Basically, an emotional image affects how we “see” or interpret the rest of the copy. Here’s an example: when test subjects were shown a video of a car accident, half of the test subjects were asked how fast the two cars were going when the “crashed” into each other, and half were asked how fast the cars were going when they “made contact.” On average, the “crashed into” group’s estimated speed was 10 mph faster than the “made contact” group. That simple phrase colored the entire memory of the film clip.
In a similar manner, your readers’ desire for a product can color their perception of your substantiating content. In other words, if you present a striking and seductive enough image, your readers will actually look to convince themselves with whatever logical proof you provide.
And isn’t that the way you want it?
And this happens with items we’d likely have said we were “almost” ready to buy!
Isn’t it amazing how long most of us can want something that’s well within our financial reach before we actually pull the trigger and buy it?
Well, your Website visitors are doing the same thing! Especially for items or services that cost over, let’s say, $50.
And that ain’t good. Here are the problems with this situation:
- eventually, the buyer will forget about your product or service in order to focus on a new want
- “almost convinced” visitors don’t increase your conversion rate or put money in your pocket
- those customer just might buy from someone else — someone who could convince them to pull the trigger
If you want to increase your conversion rate, you have to help those buyers overcome their procrastination. And this Dumb Little Man article can help you do that. The article tells you how to beat your own procrastination, but the principles apply to copywriting as well:
1) Eliminate Fear
Buyers don’t procrastinate out of laziness. If they’re procrastinating, they’re usually afraid of parting with their hard earned cash and not receiving full value for their money. Re-check your copy to ensure that you:
- Have material that preemptively answers buyer questions and concerns
- Use risk reversals, or at the very least a guarantee
- Employ user reviews, or at least have authentic sounding testimonials
- Provide adequate substantiation and proof for your claims
- Demonstrate that your product delivers benefits despite normal human frailties
- Reveal your company to be solid, reputable, and trustworthy on your About Us page
2) Cultivate Desire
“…start with the end in mind. How will things look when they’re all done? What will you see and how will you feel?
If you can associate strong emotions with the end result, you can cultivate a burning desire.”
Steve Martile wrote this about personal procrastination, but simply switch the “you” to “your reader,” and you can easily apply this to copywriting.
- Are you acting as the movie director of your readers’ dreams?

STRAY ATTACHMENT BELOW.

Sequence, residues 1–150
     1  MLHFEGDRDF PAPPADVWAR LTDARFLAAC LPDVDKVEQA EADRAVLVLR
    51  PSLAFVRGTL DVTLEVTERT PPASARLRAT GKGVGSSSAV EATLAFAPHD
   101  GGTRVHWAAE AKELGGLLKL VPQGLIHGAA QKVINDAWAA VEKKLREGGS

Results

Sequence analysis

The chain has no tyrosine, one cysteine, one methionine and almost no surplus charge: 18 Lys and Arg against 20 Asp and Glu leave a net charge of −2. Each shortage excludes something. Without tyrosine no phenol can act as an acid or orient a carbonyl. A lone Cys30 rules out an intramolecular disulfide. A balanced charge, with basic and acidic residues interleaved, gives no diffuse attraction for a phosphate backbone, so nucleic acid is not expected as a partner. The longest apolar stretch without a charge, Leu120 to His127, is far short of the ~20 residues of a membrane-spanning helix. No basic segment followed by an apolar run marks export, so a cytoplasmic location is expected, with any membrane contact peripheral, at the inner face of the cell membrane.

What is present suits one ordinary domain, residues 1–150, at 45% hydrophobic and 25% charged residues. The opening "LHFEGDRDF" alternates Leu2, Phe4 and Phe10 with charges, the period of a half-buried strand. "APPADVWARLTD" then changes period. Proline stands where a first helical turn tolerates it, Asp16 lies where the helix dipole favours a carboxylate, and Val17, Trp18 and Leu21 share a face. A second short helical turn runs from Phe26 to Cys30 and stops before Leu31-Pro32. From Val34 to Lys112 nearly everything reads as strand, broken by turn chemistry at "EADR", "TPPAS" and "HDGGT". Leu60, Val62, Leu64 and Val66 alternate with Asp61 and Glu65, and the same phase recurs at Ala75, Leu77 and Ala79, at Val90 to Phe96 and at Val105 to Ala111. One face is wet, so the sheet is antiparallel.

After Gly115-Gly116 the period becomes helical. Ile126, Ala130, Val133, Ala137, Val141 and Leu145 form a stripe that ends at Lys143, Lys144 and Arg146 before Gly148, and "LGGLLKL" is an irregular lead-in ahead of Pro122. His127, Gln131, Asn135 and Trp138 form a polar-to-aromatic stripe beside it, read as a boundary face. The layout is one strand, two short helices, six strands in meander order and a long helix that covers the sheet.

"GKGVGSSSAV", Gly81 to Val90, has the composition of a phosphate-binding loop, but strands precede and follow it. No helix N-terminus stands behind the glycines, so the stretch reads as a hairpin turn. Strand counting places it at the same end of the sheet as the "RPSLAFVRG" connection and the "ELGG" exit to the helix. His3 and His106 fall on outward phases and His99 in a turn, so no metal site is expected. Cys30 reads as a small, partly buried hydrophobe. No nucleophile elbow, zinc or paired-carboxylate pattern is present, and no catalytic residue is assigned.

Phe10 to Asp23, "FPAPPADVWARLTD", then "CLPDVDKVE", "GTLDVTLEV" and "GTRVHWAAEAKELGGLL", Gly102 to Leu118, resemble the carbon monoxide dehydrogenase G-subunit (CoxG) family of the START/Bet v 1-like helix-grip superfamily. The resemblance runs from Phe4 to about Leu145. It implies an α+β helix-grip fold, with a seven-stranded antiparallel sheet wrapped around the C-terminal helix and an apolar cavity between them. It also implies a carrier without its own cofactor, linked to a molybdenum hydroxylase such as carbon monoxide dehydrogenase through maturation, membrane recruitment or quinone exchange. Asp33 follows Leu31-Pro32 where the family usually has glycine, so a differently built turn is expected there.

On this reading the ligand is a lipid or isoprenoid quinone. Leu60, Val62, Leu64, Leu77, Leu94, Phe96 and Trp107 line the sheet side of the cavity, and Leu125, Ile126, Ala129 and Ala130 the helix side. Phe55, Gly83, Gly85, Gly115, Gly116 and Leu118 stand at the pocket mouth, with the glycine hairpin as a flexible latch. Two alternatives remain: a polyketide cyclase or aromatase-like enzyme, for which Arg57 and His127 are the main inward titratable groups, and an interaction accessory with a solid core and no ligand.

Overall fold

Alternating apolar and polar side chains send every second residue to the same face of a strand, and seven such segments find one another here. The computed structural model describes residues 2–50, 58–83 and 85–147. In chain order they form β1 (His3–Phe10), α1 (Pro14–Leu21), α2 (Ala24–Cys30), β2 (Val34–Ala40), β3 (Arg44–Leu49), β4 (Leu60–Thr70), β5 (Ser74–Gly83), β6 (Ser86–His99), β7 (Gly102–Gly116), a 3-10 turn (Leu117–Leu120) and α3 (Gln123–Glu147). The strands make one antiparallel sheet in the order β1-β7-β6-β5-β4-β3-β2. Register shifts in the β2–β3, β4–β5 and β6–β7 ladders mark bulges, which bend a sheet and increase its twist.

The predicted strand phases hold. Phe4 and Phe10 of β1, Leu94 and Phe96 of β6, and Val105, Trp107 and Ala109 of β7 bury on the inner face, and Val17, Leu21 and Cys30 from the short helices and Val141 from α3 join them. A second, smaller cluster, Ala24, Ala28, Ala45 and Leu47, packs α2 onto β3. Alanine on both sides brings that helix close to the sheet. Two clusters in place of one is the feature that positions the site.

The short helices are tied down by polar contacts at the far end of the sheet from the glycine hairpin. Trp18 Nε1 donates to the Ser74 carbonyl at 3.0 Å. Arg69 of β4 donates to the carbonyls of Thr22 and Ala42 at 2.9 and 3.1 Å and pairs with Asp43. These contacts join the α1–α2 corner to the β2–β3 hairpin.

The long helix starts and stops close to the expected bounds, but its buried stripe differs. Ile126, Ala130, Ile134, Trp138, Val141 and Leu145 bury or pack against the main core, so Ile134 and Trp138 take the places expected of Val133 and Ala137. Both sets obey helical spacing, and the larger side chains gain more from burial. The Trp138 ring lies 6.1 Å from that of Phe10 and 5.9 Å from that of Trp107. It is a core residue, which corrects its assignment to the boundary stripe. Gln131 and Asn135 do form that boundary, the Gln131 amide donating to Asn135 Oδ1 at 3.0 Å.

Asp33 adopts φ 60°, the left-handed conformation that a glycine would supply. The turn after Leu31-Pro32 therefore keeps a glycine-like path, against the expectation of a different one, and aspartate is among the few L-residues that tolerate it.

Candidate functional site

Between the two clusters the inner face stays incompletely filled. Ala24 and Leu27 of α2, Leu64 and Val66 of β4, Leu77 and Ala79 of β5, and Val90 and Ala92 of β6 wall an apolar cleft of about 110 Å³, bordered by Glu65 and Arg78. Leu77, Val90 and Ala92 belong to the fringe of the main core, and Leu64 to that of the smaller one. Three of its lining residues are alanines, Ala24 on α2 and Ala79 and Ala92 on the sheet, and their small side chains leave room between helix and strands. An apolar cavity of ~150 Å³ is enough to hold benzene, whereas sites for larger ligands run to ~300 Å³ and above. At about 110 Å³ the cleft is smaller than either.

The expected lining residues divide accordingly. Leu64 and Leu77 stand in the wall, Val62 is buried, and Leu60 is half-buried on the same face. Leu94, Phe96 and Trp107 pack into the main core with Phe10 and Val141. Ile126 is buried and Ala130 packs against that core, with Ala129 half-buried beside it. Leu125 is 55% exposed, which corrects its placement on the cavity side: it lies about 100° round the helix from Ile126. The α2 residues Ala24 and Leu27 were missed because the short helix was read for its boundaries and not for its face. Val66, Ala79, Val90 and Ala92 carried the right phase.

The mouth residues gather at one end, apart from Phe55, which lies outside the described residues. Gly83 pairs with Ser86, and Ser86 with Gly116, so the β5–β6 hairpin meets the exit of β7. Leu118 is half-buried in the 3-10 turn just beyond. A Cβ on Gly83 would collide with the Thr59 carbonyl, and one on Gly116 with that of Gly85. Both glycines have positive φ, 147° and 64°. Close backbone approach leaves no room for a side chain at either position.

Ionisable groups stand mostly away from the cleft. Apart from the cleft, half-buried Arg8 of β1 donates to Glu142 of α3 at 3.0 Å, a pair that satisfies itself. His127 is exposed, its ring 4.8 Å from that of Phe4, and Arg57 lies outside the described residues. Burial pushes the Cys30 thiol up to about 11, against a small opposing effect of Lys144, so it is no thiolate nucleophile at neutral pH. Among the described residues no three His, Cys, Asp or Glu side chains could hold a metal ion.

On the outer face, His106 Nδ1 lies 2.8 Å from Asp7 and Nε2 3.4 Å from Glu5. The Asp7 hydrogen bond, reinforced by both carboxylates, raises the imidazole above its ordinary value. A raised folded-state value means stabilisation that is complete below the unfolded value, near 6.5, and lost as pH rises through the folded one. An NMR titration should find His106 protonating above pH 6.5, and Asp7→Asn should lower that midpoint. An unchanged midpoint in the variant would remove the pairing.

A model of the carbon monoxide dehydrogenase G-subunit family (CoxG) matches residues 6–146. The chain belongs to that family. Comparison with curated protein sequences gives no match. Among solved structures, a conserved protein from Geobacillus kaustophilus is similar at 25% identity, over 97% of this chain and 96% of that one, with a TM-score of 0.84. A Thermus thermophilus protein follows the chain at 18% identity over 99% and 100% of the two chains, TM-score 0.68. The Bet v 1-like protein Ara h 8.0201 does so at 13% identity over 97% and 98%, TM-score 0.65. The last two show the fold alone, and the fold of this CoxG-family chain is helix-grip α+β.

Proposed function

- Are you helping them see how much your product or service will allow them to kick butt, both immediately after purchase and long-term?
- Does your copy cultivate desire?
It’s not uncommon to find copy that does one or the other well — either cultivating desire or eliminating fear. But copy that does both is much harder to find, which is why those companies and Websites that do manage to do both enjoy a competitive advantage.
Hyper-targeting isn’t new. Neither is intrusive media.
But a combination of the two… could be incredibly effective. Just imagine if FaceBook had ads like this Apple Skyscraper/Banner ad:
Watch the fully animated ad over at The Unofficial Apple Weblog — it’s quite obviously an intrusive ad (in a good way).
For those unfamiliar with the term, intrusive basically equals sound: radio or television, and, to a degree, animated banner ads. It’s intrusive because you can’t close your ears and the ads interrupt something else that you are doing, like listening to music or watching TV or reading the online version of the NYT.
Yet when it comes to radio and television, selecting the show or station is as targeted as it gets. That’s why they call it mass media and broadcasting. Direct mail, on the other hand, can be targeted by gender, age, income, buying activities, interests, profession, etc — yet still manages to get dumped in the trash unopened and un-looked at a shocking percentage of the time.
Which brings us back to the target-ability of Facebook ads. Want to only show your ads to mothers of 3 kids between the ages of 32–38 who live on the west side of Newport, RI? No sweat. Want to make sure those same mothers of three actually LOOK at your ad? Houston we have a problem.
As of now, FaceBook ads are mostly static and entirely without sound. There also kind of, um, spammy. Without motion or sound to attract members’ attention, most ads end up looking like the example to the left.
But banner ads/online space ads don’t have to be that way, as the recent Apple ad proves. Nor does FaceBook have to give up editorial control on what kind of ads get run. Just like many fashion magazines already do, FaceBook could require ads to meet a certain non-annoying or cool threshold.
Flash driven ads with sound that had a high creative threshold could prove to be the best of both worlds. You’d get targeted ads that are also intrusive enough to seduce FaceBook viewers away from their newsfeeds long enough to watch and click through.
What do you think?